thanks both, really helpful replies and made me feel much better. Birth order stuff is so HARD!

It's such a balancing act - not wanting to baby DS into being allowed to win vs seeing him always be crushed by the older ones; then seeing that if DSS wins at everything he will be unable to cope when he does lose. In fact DSS hates to lose, at anything, ever. He's been the baby in his family and allowed to win over the years as his big sister is much older (and kinder!) ...

And of course at this age they are incapable of seeing that they have had this allowance so should let someone else have that leeway too now.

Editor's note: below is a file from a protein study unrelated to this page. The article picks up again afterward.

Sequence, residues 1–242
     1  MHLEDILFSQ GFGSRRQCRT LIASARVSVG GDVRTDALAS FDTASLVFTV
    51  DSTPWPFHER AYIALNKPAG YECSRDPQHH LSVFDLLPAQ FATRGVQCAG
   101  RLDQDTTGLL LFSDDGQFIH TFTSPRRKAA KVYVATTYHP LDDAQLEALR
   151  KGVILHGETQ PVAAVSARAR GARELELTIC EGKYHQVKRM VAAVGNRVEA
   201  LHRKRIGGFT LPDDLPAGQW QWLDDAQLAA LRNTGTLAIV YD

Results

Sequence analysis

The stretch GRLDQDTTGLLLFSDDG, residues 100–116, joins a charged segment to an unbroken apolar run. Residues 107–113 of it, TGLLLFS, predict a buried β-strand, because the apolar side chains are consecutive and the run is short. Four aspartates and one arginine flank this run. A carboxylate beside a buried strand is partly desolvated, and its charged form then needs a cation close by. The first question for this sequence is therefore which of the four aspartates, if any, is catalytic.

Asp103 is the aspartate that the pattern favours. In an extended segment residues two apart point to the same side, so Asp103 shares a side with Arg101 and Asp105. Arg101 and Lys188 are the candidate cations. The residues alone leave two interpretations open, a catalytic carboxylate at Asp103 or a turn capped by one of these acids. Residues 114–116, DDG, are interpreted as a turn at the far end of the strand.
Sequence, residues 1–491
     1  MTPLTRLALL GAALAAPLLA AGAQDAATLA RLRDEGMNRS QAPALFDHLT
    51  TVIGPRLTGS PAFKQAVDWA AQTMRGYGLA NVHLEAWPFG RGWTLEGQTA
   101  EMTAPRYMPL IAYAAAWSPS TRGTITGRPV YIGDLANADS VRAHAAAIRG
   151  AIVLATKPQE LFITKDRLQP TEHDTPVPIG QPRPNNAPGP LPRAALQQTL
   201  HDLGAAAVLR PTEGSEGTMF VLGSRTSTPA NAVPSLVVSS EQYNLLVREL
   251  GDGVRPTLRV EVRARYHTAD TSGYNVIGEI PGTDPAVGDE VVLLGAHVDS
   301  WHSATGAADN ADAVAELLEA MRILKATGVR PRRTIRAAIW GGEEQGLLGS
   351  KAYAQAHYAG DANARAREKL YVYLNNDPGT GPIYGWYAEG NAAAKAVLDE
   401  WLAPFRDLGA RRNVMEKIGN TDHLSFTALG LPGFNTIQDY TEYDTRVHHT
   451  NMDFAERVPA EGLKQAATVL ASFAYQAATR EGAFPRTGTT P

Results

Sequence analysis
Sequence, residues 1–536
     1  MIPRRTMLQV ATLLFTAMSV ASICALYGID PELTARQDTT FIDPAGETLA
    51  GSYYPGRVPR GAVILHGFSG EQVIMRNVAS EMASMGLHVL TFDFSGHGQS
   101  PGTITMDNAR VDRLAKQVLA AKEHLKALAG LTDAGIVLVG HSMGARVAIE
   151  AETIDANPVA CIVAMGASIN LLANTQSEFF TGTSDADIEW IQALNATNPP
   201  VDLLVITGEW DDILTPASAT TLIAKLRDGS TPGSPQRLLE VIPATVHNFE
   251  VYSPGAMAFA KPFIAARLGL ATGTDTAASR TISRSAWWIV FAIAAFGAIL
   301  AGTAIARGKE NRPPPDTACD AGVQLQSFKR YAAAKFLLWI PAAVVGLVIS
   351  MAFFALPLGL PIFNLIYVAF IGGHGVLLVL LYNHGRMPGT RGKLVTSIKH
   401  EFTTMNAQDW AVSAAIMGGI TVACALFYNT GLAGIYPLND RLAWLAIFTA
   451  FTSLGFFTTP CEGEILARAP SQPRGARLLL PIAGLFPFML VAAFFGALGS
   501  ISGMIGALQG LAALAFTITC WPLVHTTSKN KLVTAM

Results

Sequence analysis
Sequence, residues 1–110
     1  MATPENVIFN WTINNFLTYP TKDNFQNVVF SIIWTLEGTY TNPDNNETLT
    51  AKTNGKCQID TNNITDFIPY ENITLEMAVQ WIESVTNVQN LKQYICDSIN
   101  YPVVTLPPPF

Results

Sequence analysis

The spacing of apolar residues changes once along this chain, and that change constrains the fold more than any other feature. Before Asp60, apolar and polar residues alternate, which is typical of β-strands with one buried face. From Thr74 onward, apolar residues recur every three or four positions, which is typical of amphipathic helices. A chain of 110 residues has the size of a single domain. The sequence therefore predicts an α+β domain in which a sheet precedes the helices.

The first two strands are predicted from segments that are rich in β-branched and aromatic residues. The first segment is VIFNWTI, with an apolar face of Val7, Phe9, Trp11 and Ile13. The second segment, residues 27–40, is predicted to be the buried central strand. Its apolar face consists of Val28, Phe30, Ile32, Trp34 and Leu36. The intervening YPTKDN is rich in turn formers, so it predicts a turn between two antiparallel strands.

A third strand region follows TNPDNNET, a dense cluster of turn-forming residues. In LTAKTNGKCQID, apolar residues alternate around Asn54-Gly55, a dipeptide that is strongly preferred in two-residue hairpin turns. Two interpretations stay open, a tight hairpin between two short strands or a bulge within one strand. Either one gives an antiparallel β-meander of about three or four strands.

twinkletoedelephant Tue 04-Aug-15 12:22:26

I was that one

I am a twin I was better at everything we both did - so we didn't do the same things

Can he join a club that his step brother dosnt go to?

cuntycowfacemonkey Tue 04-Aug-15 12:25:54

Fairly standard behaviour I agree, have a similar age gap and the eldest LOVES to get one over the youngest. I would make sure you find opportunities to play with your ds alone so he has chance to win. I would also take the time to play alone with your dss so he gets an opportunity to experience losing but also winning against someone old enough to not be so bothered about it!

YeOldeTrout Wed 05-Aug-15 10:10:31

Mine are 11 & 7, constant battle to remind the older one that it's nice to let younger one win, reminders to the younger one that winning isn't actually that important ( yeah right mom ). We have made a little progress.

Agree that finding something they have to work on together can be transformative.

DeeWe Wed 05-Aug-15 17:46:24

I have three dc with an age gap of 7 years in total.